Museum Studies at Tufts University

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Category: exhibit reviews

The JFK Presidential Library and Museum’s Exhibit, “To the Brink: JFK and the Cuban Missile Crisis” Lends A Voice To The Past

The John F. Kennedy Presidential Library and Museum, located along the waterfront just south of Boston, serves as the nation’s official memorial to John F. Kennedy. The institution boasts an incredible research collection consisting of over 8.4 million pages of paper, approximately 400,000 photographs, thousands of audio recordings, and 8 million feet of film. The museum also features a permanent exhibit that offers a highly immersible experience about JFK’s running for presidency in 1960 and the Kennedy White House years that followed.

I went to the JFK Library and Museum over this past weekend to see their current special exhibition, “To the Brink: JFK and the Cuban Missile Crisis.” The exhibit chronicles the daily events and conversations between the President and White House personnel as the Cuban Missile Crisis unfolded. As you travel through the crisis day by day, you get a sense of the gripping intensity faced under the threat of nuclear war, as well as the furious work that went in to preventing it.

Audio recordings throughout the exhibit not only magnify the event but they create a more powerful experience for the exhibit goer in that they add a human element to what otherwise would be an exhibit consisting of text and objects. As you wind through “To the Brink,” you have the opportunity of listening to various conversations between JFK and his advisors, from the initial debriefing on photographic evidence of Soviet missiles present in Cuba, to the President eerily grappling with, and saying, “You’re talking about the destruction of a country.” The recordings give a literal voice to the event and to history from those most close to it.


Along these lines, the exhibit examines the Cuban Missile Crisis from the perspectives of Nikita Krushchev and Fidel Castro through their own written words as well. This is helpful in that it lends a better look at what is considered to be perhaps the closest call to thermonuclear war in history.

For a total of thirteen days in October of 1962, the Cuban Missile Crisis gripped the world. Fifty-two years later, this dramatic exhibition brings you back to those harrowing days as if you were in the midst of the White House deliberations yourself.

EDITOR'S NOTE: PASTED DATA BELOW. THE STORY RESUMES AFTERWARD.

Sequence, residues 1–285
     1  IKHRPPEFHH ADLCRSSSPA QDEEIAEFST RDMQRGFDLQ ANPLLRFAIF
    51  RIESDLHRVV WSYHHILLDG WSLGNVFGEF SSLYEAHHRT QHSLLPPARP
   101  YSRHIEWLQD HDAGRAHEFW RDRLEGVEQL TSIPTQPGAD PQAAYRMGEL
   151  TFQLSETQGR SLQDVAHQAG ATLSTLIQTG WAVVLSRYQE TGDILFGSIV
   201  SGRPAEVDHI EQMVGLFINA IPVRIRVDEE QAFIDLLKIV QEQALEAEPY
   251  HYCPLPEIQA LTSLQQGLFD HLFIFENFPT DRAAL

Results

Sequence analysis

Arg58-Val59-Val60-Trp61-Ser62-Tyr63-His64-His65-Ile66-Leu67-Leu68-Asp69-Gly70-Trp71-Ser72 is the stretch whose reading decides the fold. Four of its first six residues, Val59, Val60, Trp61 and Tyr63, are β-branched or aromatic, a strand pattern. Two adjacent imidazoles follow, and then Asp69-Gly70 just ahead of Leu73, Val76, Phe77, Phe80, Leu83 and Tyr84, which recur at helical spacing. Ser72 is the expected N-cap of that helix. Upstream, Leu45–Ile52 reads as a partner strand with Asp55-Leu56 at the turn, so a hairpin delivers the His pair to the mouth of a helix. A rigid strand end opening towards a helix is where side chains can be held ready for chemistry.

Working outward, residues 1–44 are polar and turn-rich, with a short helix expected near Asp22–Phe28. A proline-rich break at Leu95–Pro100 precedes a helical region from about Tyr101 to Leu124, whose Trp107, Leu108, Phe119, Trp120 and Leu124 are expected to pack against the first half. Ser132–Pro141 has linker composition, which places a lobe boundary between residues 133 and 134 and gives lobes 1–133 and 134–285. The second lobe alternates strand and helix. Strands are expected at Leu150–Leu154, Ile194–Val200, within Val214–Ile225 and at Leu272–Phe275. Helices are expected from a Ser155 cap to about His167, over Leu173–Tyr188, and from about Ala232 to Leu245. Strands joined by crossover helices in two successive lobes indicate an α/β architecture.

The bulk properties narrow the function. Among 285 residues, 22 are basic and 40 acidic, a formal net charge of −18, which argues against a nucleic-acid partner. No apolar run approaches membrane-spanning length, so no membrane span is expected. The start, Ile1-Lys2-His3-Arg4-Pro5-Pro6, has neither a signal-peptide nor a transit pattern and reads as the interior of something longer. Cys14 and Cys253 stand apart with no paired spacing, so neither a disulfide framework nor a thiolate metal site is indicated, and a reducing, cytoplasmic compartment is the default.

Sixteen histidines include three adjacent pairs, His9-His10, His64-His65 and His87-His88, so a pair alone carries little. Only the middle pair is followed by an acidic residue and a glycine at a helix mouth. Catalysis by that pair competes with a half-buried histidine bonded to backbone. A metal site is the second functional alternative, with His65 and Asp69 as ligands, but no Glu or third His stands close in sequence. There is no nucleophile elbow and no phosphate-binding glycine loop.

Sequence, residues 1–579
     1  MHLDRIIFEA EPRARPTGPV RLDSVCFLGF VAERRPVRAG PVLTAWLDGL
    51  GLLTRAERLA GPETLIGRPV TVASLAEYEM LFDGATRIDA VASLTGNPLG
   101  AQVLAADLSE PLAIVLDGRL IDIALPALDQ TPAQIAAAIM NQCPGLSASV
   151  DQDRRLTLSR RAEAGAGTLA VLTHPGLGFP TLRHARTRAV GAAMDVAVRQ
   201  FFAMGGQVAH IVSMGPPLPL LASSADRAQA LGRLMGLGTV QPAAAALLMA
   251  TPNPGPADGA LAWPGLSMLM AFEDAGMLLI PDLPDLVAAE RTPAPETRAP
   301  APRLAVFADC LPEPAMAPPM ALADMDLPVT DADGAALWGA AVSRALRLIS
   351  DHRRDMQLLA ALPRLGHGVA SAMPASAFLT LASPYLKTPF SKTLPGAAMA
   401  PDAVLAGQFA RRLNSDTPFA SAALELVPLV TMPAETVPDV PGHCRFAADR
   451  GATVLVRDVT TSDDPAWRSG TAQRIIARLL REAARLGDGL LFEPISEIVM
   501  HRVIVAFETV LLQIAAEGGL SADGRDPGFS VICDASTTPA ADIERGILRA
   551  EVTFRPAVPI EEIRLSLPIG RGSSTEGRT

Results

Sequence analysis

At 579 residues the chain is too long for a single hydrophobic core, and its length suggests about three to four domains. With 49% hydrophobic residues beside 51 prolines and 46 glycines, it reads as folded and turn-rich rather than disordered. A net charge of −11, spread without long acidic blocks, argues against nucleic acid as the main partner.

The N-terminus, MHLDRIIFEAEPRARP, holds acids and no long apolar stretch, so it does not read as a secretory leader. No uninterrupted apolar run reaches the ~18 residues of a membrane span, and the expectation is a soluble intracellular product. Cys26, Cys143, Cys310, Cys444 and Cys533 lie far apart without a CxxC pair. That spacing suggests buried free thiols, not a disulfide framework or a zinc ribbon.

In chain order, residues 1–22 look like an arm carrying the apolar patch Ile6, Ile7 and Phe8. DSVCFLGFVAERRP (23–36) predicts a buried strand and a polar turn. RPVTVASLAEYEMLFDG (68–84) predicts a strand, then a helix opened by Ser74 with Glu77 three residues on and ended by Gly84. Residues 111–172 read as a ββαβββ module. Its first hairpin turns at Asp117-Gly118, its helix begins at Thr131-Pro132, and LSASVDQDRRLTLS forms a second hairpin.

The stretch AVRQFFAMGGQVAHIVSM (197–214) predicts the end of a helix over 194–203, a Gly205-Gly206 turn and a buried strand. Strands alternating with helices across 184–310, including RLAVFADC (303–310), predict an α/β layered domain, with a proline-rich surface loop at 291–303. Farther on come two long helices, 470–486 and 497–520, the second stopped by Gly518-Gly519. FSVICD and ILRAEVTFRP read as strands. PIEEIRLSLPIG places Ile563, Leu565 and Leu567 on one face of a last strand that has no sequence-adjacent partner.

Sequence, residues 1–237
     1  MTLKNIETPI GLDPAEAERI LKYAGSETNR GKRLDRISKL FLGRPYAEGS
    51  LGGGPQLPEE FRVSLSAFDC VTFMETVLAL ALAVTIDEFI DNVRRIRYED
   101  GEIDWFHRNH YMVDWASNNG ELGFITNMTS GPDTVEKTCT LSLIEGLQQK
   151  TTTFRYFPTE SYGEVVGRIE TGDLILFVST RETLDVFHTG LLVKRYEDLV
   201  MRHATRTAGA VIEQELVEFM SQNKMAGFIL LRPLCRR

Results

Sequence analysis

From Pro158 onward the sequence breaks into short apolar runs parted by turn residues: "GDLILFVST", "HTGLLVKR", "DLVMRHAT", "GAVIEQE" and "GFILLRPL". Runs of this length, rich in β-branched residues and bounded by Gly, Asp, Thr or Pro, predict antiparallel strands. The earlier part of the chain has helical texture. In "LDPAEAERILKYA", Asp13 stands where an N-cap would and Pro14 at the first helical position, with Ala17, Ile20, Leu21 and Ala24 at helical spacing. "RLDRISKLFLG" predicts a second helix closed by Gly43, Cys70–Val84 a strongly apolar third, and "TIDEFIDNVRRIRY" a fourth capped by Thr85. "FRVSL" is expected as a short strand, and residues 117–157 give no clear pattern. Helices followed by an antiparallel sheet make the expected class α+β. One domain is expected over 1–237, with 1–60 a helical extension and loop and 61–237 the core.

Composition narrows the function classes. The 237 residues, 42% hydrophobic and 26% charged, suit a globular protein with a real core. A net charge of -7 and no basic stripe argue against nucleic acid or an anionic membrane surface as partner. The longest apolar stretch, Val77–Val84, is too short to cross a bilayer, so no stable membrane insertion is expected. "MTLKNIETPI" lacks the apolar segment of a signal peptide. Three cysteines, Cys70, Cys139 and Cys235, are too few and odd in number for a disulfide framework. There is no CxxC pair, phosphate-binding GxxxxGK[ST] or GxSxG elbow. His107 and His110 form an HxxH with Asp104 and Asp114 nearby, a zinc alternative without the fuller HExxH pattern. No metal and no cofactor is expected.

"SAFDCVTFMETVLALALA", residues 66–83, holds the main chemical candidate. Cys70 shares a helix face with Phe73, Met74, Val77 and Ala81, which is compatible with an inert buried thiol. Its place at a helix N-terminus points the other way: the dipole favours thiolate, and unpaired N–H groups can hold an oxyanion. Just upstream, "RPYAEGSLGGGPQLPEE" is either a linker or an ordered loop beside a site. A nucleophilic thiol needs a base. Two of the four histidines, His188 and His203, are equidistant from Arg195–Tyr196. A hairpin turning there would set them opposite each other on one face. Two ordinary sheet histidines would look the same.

The John F. Kennedy Presidential Library and Museum is open every day from 9am to 5pm except major holidays.

Art or Toy?

Last week, I visited the MFA with my friend and her five month old son, Lucas. We’re doing our part to create a museum advocate of the future. Lucas was especially engaged in the Linde Family Wing for Contemporary Art. He remained content for a surprising amount of time, simply looking at all of the interesting objects around him. Spotting Felix Gonzalez-Torres’ Untitled (Beginning), a green and silver beaded curtain which is deliberately hung as a partition between two galleries, my friend immediately walked Lucas through it. When she turned to pass through a second time, the employee stationed nearby informed her, rather unkindly, “it’s art, not a toy.” Now I understand the need to protect a work of art, but this particular object is meant to be experienced by touching, looking closely and even listening to the lovely sound it makes when the beads are moved. I don’t imagine they would have hung it in a busy entryway if it wasn’t durable enough to endure constant handling. So, if a visitor is handling an object with appropriate care, why shouldn’t they be allowed to experience it more than once? If a visitor, even a five month old one, is interested enough to linger instead of simply passing through en route to something else, isn’t that a good thing? Visitors are often uncomfortable in museums; they may feel unsure of the etiquette and what they may and may not touch. It concerns me that by encouraging visitors to touch a work of art, but then reprimanding them for wanting to touch it again, employees of the museum may cause visitors to feel uncomfortable and embarrassed. That surely was not the intention when it was installed. So what do you think? Can it be art and a toy? Is it less of a work of art if visitors are allowed to touch it as much as they like? I encourage you to visit and see it for yourself. Be sure to pay close attention the first time around though, because you might not be allowed to pass through twice.

Beauty as Duty at the MFA

Imagine that each person in your family has 36 coupons per year as a clothing allowance. A coat might require fifteen coupons, while a scarf might require 2 coupons. How far can you stretch those coupons? What do you do if a clothing item gets damaged? What do you do when children grow out of the clothes they already have? These were real concerns for the British public in June 1941 when clothing rationing was put into effect. Despite these limitations, however, there was a surge of colorful clothing and propaganda scarves. The exhibition, “Beauty as Duty: Textiles on the Homefront in WWII Britain,” gets its title from these items.